LOS ANGELES (AP) — Filmmaking and firearms experts say cinematographer Halina Hutchins was shot and killed 14 months ago on a remote New Mexico set in the western “Last” movie set. has probably changed forever. Baldwin and the film’s weapons supervisor are due to be charged with manslaughter later this month.
“The experience of gun safety on set has become more vocal. director Joey Dillon said. “I make it bigger myself.”
Baldwin was pointing a gun with live ammunition inside as Hutchins set up the shot for the next scene. People at some level of production are determined to prevent that from happening again.
This means that there is an increasing use of digital and other technologies that can make shootings of all kinds obsolete. It also means simpler things like yelling when using the same safety protocols to make it clear to everyone when a gun is present and what its status is.
Actors and others are more interested when handed a gun.
“People are a little shy about guns now, so they want to check,” Dillon said. “We stop the whole process just to make them look safe.”
Checking the gun itself may be in the actor’s best interest in and of itself, but the extent to which they hold themselves accountable for doing so is still disputed, and Baldwin’s case could go to trial. If so, it will be a central issue for jurors.
His union and his lawyers say this liability cannot be placed on the performer.
“An actor’s job is not to be a firearms or weapons expert,” the Screen Actors Guild said in a statement Thursday. “
Baldwin’s attorney, Luke Nikas, said in a statement that he “relied on the professionals he worked with to get the job done” and assured him there was no live ammunition in the gun.
Santa Fe District Attorney Mary Carmack Altwith disagrees.
“People with guns are obligated to make sure they’re not loaded or know what’s loaded,” she said in an interview with the Associated Press. We think that’s where his acting responsibilities come into play. “
She also said that Baldwin, who is to be charged as a man with a gun, is at least partially responsible for his role as producer and the lax conditions that led to him having a loaded gun. Please bring the charge responsibly.
Hannah Gutierrez Reid, who directed the movie Firearms, will also be charged with manslaughter, the district attorney said.
Her attorney, Jason Bowles, said in a statement that they had “disclosed the full truth and she will be cleared of any wrongdoing by the jury.”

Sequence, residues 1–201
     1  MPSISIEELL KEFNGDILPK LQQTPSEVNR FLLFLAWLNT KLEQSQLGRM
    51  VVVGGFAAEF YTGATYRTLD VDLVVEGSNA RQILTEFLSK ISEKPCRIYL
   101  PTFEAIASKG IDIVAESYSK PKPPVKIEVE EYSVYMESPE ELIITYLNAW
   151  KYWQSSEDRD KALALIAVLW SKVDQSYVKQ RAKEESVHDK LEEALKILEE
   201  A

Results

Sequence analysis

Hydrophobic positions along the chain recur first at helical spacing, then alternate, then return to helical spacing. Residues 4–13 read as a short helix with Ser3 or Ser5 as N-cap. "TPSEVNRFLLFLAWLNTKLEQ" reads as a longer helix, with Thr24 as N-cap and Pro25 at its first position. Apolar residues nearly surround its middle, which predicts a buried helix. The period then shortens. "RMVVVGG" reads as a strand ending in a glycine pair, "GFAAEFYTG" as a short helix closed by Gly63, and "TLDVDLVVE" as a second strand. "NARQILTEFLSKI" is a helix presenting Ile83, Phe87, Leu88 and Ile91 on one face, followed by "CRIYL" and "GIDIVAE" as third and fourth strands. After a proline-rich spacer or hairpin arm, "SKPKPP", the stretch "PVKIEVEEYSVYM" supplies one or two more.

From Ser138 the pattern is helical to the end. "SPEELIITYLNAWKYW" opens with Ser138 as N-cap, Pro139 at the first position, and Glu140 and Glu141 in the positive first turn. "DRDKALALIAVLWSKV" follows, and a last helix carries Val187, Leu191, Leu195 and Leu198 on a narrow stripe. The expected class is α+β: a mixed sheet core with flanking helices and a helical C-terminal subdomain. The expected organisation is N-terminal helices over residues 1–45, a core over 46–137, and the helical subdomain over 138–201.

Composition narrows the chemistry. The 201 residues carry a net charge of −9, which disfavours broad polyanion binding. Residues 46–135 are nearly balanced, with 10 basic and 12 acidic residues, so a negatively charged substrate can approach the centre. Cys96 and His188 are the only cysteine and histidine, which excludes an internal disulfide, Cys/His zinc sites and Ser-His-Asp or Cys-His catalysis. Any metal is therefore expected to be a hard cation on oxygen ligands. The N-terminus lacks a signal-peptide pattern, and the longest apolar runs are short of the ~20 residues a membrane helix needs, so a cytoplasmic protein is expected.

Technology may take security issues out of the hands of attackers entirely.
The production was already using digital effects to simulate the flashes and bangs of gunshots more often, but Hutchins’ death has arguably accelerated the change.
“There are many bad ways digital can take over, but this is the good way,” said Spencer Parsons, associate professor and executive director of the radio/television/film division at Northwestern University’s School of Communications. I’m here. As a director and other roles on any set. “I’m not saying there aren’t good reasons to use real fireworks, but from a basic safety and speed standpoint, this makes sense.”
When it comes to hardware, companies are creating more and more convincing replicas. This is essentially a hardened BB gun with moving parts that act like a pistol but don’t fire bullets. Muzzle flash and sound are added in post-production.
However, Parsons said, “There aren’t many replicas of some of the antiques” used in westerns and other period films, which he specializes in.
Other solutions that have been sought for sets may be irrelevant and useless.
In the days immediately following the shooting, much media discussion surrounded the dangers of blank bullets in the guns, based on the assumption that one of them killed Hutchins.
“Experience knew more than that, but the industry reaction was to stop using blanks altogether.”
According to Dillon, dummy rounds, prop bullets used in scenes where the characters are loading their guns, look like live bullets and can be confused, so it’s not as bad as what happened in “Rust.” It is more likely that you will make mistakes.
He said he felt “frustrated because we could misrepresent the crew that we were ignorant” and had previously put them at unnecessary risk.
When investigators revealed that it was in fact live ammunition, fear remained of the blank, which was indeed very dangerous at very close range.
Parsons said it was misguided to blame the fact that “Rust” was a low-budget indie production. He said the pace and length of a large studio production allows crews to be placed in positions that make them prone to all sorts of accidents.
“In some cases, we can force people to work longer hours and the need for speed is even greater,” he said. .”
Gutierrez-Reed’s dual role as armorer and assistant props director has also drawn negative attention.
However, Dillon said the overlap between weapons and props is inevitable, and such dual roles occur frequently. need to do it.
“When guns come out, that’s all I’m worried about,” he said.
Follow AP Entertainment Writer Andrew Dalton on Twitter. https://twitter.com/andyjamesdalton